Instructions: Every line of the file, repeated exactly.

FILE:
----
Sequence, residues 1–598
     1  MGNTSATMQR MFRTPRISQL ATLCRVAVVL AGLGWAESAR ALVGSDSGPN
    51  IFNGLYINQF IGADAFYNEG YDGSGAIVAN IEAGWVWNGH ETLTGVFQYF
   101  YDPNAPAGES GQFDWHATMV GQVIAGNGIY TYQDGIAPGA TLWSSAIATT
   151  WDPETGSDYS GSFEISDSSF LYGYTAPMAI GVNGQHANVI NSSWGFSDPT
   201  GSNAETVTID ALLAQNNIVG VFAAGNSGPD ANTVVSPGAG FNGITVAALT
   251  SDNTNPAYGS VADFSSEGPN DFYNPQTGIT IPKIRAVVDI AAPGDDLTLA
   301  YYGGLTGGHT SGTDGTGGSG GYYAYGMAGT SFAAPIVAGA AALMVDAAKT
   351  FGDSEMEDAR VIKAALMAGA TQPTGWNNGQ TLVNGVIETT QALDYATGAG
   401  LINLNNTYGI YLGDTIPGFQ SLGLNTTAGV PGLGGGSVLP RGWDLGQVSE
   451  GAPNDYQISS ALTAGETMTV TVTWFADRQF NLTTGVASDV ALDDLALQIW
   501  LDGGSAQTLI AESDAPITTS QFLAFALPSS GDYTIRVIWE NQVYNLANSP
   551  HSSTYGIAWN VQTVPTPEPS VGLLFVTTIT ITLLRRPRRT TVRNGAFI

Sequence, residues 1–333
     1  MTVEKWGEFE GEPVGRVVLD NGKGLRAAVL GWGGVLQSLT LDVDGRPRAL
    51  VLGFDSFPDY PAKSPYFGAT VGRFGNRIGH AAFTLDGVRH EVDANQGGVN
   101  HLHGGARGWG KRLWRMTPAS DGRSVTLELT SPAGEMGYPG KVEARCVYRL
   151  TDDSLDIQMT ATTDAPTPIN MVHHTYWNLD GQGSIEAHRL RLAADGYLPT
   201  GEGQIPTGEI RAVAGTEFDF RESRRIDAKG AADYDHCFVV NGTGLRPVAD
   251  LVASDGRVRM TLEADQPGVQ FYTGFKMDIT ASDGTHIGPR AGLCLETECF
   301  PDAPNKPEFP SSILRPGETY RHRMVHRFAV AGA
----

Sequence, residues 1–598
     1  MGNTSATMQR MFRTPRISQL ATLCRVAVVL AGLGWAESAR ALVGSDSGPN
    51  IFNGLYINQF IGADAFYNEG YDGSGAIVAN IEAGWVWNGH ETLTGVFQYF
   101  YDPNAPAGES GQFDWHATMV GQVIAGNGIY TYQDGIAPGA TLWSSAIATT
   151  WDPETGSDYS GSFEISDSSF LYGYTAPMAI GVNGQHANVI NSSWGFSDPT
   201  GSNAETVTID ALLAQNNIVG VFAAGNSGPD ANTVVSPGAG FNGITVAALT
   251  SDNTNPAYGS VADFSSEGPN DFYNPQTGIT IPKIRAVVDI AAPGDDLTLA
   301  YYGGLTGGHT SGTDGTGGSG GYYAYGMAGT SFAAPIVAGA AALMVDAAKT
   351  FGDSEMEDAR VIKAALMAGA TQPTGWNNGQ TLVNGVIETT QALDYATGAG
   401  LINLNNTYGI YLGDTIPGFQ SLGLNTTAGV PGLGGGSVLP RGWDLGQVSE
   451  GAPNDYQISS ALTAGETMTV TVTWFADRQF NLTTGVASDV ALDDLALQIW
   501  LDGGSAQTLI AESDAPITTS QFLAFALPSS GDYTIRVIWE NQVYNLANSP
   551  HSSTYGIAWN VQTVPTPEPS VGLLFVTTIT ITLLRRPRRT TVRNGAFI

Sequence, residues 1–333
     1  MTVEKWGEFE GEPVGRVVLD NGKGLRAAVL GWGGVLQSLT LDVDGRPRAL
    51  VLGFDSFPDY PAKSPYFGAT VGRFGNRIGH AAFTLDGVRH EVDANQGGVN
   101  HLHGGARGWG KRLWRMTPAS DGRSVTLELT SPAGEMGYPG KVEARCVYRL
   151  TDDSLDIQMT ATTDAPTPIN MVHHTYWNLD GQGSIEAHRL RLAADGYLPT
   201  GEGQIPTGEI RAVAGTEFDF RESRRIDAKG AADYDHCFVV NGTGLRPVAD
   251  LVASDGRVRM TLEADQPGVQ FYTGFKMDIT ASDGTHIGPR AGLCLETECF
   301  PDAPNKPEFP SSILRPGETY RHRMVHRFAV AGA